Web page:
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I like to shoot scenes on the streets of America. I have had the fortune of visiting some of the country's most beautiful and historic cities. My favorite subjects are people going about their daily lives, being together, at street events, and generally enjoying the spaces they are in. This month, the focus is on architectural styles, early versions of which are particular to different to regions of the country. I have widely traveled through several of these regions and photographed hundreds of structures of various forms and uses, including the earliest settlements by explorers from England, Spain, Germany, France, and Holland. These native and colonial styles are the bedrock of much of American architecture today.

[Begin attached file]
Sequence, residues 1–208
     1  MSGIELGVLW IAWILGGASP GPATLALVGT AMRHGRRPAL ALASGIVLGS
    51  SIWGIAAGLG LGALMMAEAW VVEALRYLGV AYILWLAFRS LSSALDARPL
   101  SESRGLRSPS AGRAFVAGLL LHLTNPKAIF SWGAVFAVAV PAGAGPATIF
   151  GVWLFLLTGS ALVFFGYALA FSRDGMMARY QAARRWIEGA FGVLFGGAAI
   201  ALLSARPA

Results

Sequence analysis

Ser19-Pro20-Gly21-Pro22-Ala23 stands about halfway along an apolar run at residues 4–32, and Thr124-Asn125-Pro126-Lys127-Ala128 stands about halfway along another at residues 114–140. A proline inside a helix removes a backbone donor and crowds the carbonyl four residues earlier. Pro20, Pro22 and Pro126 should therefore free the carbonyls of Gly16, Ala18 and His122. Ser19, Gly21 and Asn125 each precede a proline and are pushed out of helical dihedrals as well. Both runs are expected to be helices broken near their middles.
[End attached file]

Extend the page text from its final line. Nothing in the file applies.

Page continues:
Native tribes in the southwest relied on the loose soil, rocks, timber, sun, and water available to build their residential and religious structures in canyons, cliffs, and mesas for the purposes of agriculture and defense. They made sun dried bricks of gravel and mud for walls and cladded them with a solution of sand, silt, and clay. These materials are called adobe. Beginning in the 16th century, Spanish priests from Mexico plied their way up the Rio Grande River to northern New Mexico and Colorado; the Santa Cruz River to Tucson, Arizona; and Lower California to the San Francisco Peninsula. They adapted the native methods to their residential and ecclesiastical building needs to produce a unique style called Spanish Colonial. Adobe was used for mission churches which were surrounded by walls, arched entrances, and designed with carved doors, ornamental iron windows, and elaborate wall decoration. These features were for attracting Indians to their communities for conversion to Catholicism. Please follow this site for more examples in the built environment as they are posted. I am working on converting this site to a blog but in the meantime your questions and comments would be appreciated at


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